It is a short book of 150 pages divided into 3 sections, even if there is no official separation of these sections. It is narrated by Folly herself, a female personification of folly (madness, craziness), who stands before a crowd speaking. The book is a satirical attack of the superstitions and traditions of European society as well as of the Church. Even if the subject was touchy, Erasmus conceived it as minor work and was surprised of the controversy that began after the publication. Many theologians criticized it but it was still circulating throughout Europe and even the Pope, Pope Leo X, was highly amused by it.

The real controversy started with the Protestant Reformation led by Martin Luther which provoked the decline of Erasmus's reputation, as he would not fully throw his support behind the Catholic Church. And, 20 years after his death, The Praise of Folly was placed on the Roman Index of prohibited books. It is, in reality, during the Enlightenment that Erasmus was rediscovered and is today widely read. Every 1st of April, the city of Rotterdam celebrates the publication of The Praise of Folly, that we will now analyze more deeply. 
Topic 1: Folly of theologians
First of all, Folly, the main character, explains that theologians protect themselves with "academic definitions, logical argumentations, inferential corollaries, explicit and implicit propositions" but are in reality arrogant, confusing, and misleading. They prefer their interpretations to the scriptures, the real biblical texts, and they mold, change, and interpret these texts to fit their theses. For Folly, and therefore for Erasmus, Christ's message of simplicity is lost to these men who live in luxury. We thus see the harsh tone that Folly has and what vision Erasmus had of theologians, even if he was himself one. A famous quote is "It's the generally accepted privilege of theologians to stretch the heavens, that is the Scriptures, like tanners with a hide."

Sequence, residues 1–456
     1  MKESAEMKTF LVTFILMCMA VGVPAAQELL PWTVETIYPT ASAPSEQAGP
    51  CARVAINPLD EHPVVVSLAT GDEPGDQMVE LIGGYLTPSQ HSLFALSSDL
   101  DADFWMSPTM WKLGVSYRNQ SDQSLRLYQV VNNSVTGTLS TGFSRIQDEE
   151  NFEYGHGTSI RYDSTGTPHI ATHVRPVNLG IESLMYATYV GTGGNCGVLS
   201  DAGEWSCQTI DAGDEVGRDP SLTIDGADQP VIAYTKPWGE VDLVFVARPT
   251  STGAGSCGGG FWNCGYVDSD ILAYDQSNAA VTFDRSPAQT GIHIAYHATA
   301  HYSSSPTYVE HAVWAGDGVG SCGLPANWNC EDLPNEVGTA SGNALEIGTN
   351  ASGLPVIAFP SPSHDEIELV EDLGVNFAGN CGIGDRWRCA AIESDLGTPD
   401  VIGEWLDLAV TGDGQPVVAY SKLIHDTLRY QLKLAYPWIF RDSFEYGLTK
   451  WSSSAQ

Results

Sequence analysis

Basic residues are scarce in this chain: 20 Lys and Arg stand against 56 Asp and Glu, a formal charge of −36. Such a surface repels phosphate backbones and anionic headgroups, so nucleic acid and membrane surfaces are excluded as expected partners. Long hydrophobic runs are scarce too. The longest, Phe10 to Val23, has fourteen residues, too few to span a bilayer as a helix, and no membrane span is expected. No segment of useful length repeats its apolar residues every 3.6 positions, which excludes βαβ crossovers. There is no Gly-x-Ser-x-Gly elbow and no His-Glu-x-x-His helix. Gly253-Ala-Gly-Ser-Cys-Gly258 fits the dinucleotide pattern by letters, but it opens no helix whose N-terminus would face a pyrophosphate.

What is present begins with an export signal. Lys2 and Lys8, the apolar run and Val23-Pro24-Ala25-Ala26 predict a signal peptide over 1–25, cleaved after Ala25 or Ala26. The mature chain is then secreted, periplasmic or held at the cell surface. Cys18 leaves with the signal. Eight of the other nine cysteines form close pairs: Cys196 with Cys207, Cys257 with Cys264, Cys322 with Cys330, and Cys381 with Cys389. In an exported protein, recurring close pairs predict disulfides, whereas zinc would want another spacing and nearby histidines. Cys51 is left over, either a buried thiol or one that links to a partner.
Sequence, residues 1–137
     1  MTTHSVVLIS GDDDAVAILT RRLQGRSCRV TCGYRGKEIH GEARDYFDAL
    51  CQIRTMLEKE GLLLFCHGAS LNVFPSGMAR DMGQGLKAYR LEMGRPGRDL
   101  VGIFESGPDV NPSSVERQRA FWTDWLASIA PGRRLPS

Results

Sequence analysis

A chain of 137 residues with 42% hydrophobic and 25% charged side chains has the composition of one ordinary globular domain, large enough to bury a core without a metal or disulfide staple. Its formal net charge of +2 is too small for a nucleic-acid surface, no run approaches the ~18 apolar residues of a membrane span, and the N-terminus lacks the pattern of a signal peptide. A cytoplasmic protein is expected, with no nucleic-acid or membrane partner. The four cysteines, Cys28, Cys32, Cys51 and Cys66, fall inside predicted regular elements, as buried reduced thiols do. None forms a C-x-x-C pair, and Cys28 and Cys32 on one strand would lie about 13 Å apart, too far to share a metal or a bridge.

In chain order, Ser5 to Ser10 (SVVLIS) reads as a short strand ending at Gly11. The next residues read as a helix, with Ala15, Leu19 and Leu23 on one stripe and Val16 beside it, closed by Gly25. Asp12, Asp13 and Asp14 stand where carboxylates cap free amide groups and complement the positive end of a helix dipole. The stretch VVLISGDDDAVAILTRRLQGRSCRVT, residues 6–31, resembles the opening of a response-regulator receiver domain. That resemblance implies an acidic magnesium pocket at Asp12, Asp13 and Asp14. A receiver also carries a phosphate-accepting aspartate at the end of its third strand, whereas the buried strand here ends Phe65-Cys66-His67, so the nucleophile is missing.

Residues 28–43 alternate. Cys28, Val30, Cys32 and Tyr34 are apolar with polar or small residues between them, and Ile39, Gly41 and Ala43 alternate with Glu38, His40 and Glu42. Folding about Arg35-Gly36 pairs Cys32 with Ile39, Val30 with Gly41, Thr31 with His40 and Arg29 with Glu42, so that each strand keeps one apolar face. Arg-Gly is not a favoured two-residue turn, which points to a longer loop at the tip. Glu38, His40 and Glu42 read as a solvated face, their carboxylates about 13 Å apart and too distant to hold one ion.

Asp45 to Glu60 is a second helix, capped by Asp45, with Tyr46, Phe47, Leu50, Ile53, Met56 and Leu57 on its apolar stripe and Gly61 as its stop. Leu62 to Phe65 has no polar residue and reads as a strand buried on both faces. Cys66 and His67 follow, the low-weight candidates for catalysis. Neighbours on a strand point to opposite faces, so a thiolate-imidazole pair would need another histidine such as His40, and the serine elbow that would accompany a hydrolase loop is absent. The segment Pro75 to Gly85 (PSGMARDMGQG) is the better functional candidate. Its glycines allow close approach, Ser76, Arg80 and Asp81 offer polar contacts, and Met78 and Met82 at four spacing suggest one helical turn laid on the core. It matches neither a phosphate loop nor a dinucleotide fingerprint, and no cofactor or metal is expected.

Topic 2: Folly and Christianity
Most of us might assume that Christianity is more dedicated to wise men than to fools, but Erasmus writes that "the entire Christian religion seems to bear a certain natural affinity to folly, and relate far less clearly to wisdom". Christ himself is the biggest fool of all because he took all the sins of mankind and became a sin itself. His word was carried throughout the world by his "ignorant, sottish disciples" and his lesson was "nothing but folly and avoidance of wisdom". For Erasmus, happiness in Christ is close to madness, thus revealing the essential thesis of the author: Christianity welcomes, and is made for, the fools and the ignorant. These arguments are very much responsible for what made Erasmus's work so controversial upon its publication.